A Tale of Two Olivers
The town of Drogheda on the River Boyne split between Counties Louth and Meath tells the story of two Olivers. One a saint, one a sinner.
St. Oliver Plunkett
Born 1625 in Loughcrew, County Meath, Oliver Plunkett lived a faithful life. As a young boy he was sent to Rome to enter the brotherhood. He was ordained a priest in 1654 and remained in Rome until 1670 due to a ban on Roman Catholicism. While awaiting his return to Ireland, he became a professor of theology. With a new age of tolerance ushered in by the English Restoration, Oliver returned to Ireland, reorganizing the church and establishing schools for the youth and clergy. In 1670, he established a Jesuit College in Drogheda that became the first integrated school in Ireland joining both Catholic and Protestant students.
Known as the Popish Plot, in 1678, an English clergyman, Titus Oates, led a campaign of anti-Catholic sentiment, believing there to be a conspiracy to kill the king. This led to the eventual arrest, trial, and execution of Oliver Plunkett. He was found guilty of high treason for “promoting the Roman faith” in 1681 and was sentenced to death by being hanged, drawn, and quartered. After the execution his remains were spread around, his head eventually ending up in St. Peter’s Church in Drogheda where it remains on display. He was the last Roman Catholic martyr in England.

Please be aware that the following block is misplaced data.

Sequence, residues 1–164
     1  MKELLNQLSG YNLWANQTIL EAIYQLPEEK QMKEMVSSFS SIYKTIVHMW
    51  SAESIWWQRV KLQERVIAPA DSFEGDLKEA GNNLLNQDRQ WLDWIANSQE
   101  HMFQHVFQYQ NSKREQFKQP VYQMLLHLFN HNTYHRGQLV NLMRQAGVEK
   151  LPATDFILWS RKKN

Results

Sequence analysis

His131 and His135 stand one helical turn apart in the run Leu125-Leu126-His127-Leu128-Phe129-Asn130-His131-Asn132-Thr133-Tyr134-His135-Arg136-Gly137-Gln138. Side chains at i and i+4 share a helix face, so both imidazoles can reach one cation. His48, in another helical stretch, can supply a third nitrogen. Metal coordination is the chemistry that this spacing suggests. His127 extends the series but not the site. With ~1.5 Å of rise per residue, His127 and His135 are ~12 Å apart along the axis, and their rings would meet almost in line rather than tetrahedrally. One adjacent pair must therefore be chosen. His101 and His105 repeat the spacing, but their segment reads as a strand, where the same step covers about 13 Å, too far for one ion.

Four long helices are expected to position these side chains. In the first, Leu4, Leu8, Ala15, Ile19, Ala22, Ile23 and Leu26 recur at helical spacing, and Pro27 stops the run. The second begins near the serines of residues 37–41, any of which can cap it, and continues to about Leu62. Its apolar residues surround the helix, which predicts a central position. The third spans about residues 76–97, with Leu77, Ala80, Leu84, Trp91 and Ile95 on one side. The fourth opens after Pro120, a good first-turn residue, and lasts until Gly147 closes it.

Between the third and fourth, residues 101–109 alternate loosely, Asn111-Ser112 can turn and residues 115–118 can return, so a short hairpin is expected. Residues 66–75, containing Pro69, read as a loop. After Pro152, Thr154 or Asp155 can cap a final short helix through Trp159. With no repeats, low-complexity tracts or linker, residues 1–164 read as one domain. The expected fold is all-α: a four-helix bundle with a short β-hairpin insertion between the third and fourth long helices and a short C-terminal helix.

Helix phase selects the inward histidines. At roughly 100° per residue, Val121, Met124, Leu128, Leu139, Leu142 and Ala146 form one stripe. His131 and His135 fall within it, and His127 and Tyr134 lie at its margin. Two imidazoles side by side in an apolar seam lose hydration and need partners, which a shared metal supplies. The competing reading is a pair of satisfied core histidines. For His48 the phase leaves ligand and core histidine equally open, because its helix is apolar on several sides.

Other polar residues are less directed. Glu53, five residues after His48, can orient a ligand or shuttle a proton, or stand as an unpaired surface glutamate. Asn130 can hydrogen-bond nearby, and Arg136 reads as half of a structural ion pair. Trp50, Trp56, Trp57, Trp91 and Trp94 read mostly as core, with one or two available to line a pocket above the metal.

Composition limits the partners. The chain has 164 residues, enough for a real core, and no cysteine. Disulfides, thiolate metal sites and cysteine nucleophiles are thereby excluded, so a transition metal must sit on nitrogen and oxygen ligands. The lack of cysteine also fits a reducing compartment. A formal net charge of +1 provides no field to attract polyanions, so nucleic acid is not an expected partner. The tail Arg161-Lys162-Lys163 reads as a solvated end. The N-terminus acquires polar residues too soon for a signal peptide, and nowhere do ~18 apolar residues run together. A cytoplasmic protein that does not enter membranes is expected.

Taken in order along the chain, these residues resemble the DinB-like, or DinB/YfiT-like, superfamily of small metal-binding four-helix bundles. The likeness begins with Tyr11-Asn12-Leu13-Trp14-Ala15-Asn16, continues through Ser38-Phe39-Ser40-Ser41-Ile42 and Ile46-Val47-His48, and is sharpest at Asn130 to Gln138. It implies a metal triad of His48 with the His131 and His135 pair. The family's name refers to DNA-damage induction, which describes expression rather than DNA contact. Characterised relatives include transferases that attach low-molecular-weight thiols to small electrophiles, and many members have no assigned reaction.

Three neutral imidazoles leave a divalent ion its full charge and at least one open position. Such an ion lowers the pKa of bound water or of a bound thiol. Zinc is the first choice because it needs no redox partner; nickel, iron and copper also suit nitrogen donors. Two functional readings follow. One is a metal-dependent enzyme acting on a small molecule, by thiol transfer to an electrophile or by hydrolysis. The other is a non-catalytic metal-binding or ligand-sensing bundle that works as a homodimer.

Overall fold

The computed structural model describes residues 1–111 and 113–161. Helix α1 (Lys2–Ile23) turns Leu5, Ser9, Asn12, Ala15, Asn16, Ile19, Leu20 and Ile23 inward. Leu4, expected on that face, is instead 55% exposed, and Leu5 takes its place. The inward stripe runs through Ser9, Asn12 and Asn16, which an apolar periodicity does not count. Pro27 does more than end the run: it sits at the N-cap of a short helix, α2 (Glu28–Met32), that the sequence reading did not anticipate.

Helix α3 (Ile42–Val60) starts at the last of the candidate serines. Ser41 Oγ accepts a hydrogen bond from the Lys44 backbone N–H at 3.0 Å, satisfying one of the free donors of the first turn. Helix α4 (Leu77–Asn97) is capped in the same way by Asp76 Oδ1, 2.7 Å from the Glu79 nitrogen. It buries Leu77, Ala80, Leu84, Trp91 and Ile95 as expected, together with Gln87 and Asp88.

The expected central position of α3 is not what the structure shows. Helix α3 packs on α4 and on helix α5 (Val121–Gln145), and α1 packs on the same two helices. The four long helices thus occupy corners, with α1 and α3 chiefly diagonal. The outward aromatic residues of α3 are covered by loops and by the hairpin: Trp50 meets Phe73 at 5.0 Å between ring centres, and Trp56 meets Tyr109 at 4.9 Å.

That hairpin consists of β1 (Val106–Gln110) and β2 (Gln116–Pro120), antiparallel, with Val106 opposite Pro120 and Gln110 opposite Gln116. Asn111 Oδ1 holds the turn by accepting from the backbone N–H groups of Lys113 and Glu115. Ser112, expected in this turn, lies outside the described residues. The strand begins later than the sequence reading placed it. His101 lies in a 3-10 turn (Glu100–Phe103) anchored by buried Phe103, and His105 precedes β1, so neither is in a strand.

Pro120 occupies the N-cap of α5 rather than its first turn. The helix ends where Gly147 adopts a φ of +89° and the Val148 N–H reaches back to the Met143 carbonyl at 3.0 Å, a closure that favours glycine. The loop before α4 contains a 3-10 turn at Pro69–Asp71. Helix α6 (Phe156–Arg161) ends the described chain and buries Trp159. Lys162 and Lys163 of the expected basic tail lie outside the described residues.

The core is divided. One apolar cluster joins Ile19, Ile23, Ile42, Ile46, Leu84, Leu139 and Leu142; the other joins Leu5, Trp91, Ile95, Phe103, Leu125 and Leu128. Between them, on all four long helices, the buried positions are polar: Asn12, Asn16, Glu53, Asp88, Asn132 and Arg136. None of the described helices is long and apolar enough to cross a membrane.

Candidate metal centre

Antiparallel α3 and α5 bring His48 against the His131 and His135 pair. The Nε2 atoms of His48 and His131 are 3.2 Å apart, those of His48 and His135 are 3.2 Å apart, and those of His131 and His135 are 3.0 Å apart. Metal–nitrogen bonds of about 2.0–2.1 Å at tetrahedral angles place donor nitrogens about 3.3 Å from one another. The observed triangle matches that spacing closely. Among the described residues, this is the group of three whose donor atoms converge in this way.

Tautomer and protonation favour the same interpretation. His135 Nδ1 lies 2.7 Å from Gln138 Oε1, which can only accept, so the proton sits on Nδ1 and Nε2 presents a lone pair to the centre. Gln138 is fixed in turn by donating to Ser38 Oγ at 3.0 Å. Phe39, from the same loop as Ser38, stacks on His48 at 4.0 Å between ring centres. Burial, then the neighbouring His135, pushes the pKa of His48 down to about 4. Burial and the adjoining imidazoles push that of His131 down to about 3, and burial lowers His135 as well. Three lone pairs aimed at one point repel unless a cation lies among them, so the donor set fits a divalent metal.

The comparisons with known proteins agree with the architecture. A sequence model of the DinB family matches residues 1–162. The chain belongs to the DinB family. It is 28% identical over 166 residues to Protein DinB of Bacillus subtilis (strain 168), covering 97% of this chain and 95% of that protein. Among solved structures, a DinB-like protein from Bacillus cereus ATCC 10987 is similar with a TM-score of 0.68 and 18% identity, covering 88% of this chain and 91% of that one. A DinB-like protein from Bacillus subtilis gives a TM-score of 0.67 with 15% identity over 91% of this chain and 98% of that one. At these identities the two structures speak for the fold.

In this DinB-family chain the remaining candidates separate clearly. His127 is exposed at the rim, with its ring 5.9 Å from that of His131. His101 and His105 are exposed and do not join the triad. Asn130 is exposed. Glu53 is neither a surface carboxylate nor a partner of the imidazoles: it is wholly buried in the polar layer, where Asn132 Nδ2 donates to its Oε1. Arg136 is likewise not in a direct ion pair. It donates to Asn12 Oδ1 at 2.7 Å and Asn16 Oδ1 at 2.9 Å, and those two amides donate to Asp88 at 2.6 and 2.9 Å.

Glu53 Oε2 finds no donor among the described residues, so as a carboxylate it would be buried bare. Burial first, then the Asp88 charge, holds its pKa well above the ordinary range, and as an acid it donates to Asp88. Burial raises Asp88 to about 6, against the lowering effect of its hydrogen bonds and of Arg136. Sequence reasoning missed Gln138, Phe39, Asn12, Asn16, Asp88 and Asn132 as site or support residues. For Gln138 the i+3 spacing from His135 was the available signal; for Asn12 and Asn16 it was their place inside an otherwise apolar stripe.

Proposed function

In 1920 he was beatified and was granted sainthood in 1975. This marked the first new Irish saint in over 700 years and the first Irish martyr to be beatified.
Many have heard the legacy of Oliver Cromwell, but in Ireland that legacy is laced with blood and hatred. Ireland was under English Commonwealth control from 1649 to 1653 after Cromwell invaded with his New Model Army. The invasion was warranted for several reasons. The main reason being the alliance between the Irish Confederate Catholics, Charles II, and the English Royalists in plotting to overthrow the Commonwealth and restore the monarchy.
He and his army landed in Ireland in August 1649. The first town to fall under Cromwell’s siege was Drogheda. Most of the Drogheda garrison and many civilians were killed during and after the siege. Over the course of the Cromwellian Conquest of Ireland a third of Ireland’s population vanished due to battle, famine, disease, and deportation (as indentured servants).
Did you know? One of our day tours includes a visit to Drogheda. For more information see: Celtic Boyne Valley Tour